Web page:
Background: Marketing approval of pharmaceutical products is often based on data from several thousand subjects or fewer. Evaluation of safety is greatly enhanced by augmenting the safety database with postapproval studies.
Methods: We conducted a pooled analysis of adverse event data from 19 randomized, double-blind, placebo-controlled trials with tiotropium in patients with obstructive lung disease. We computed incidence rates and rate ratios (RRs) for various reported adverse event end points of interest. Patients contributed person-time to the analysis as long as they were in the study until 30 days after treatment (tiotropium, placebo), or until they had the event of interest, whichever came first. Studies were pooled using the Mantel-Haenszel estimator, and we used 95% confidence intervals (CIs) to assess the precision of effect estimates.
Results: The pooled trial population includes 4,435 tiotropium patients and 3,384 placebo patients contributing 2,159 person-years of exposure to tiotropium and 1,662 person-years of exposure to placebo. Dyspnea, dry mouth, COPD exacerbation, and upper respiratory tract infection were the most commonly reported events. There was a higher relative risk of dry mouth in the tiotropium group (RR, 3.60; 95% CI, 2.56 to 5.05). There was a lower risk of dyspnea (RR, 0.64; 95% CI, 0.50 to 0.81) and COPD exacerbation (RR, 0.72; 95% CI, 0.64 to 0.82) in patients receiving tiotropium compared to patients receiving placebo. Other results of interest are as follows: (1) all-cause mortality (RR, 0.76; 95% CI, 0.50 to 1.16); (2) cardiovascular mortality (RR, 0.57; 95% CI, 0.26 to 1.26); and (3) respiratory mortality (RR, 0.71; 95% CI, 0.29 to 1.74). The relative risk of urinary retention was 10.93 (95% CI, 1.26 to 94.88).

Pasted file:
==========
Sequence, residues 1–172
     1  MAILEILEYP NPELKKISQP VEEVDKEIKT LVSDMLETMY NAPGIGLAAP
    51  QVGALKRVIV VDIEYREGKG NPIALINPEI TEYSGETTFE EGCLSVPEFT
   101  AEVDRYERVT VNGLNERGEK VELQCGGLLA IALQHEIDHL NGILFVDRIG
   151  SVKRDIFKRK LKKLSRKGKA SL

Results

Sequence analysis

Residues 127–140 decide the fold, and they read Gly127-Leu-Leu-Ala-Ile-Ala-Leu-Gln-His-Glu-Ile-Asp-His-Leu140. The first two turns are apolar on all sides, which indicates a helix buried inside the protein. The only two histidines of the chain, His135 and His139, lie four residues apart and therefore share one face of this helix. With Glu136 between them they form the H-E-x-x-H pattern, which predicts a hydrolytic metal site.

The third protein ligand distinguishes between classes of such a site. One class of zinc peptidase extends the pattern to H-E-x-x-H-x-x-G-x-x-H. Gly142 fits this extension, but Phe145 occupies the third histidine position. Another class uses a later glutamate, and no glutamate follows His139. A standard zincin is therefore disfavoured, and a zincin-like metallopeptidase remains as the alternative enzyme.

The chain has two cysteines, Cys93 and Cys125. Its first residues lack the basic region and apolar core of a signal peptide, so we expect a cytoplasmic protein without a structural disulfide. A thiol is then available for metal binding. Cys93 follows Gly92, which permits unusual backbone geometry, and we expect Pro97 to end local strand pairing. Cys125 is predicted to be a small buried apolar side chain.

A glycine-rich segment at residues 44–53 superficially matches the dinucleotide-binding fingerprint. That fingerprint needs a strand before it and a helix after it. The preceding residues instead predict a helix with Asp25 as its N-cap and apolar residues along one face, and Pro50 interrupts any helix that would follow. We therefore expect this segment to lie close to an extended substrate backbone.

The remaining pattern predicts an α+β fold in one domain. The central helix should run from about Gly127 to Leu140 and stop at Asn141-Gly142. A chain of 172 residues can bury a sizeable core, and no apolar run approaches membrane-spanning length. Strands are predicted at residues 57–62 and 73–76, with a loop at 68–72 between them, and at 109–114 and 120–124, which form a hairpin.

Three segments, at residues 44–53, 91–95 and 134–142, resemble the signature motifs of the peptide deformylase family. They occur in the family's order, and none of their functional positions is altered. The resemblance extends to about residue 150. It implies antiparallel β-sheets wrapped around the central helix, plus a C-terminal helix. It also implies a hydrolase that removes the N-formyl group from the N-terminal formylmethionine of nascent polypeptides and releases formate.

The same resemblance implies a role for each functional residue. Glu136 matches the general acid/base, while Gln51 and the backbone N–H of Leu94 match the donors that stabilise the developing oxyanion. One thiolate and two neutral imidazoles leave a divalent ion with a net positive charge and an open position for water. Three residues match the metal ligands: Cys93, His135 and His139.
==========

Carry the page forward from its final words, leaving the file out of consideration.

Conclusions: Pooling of adverse event data from preapproval and postapproval tiotropium clinical trials increase the precision of effect estimates and supports the present safety profile of tiotropium.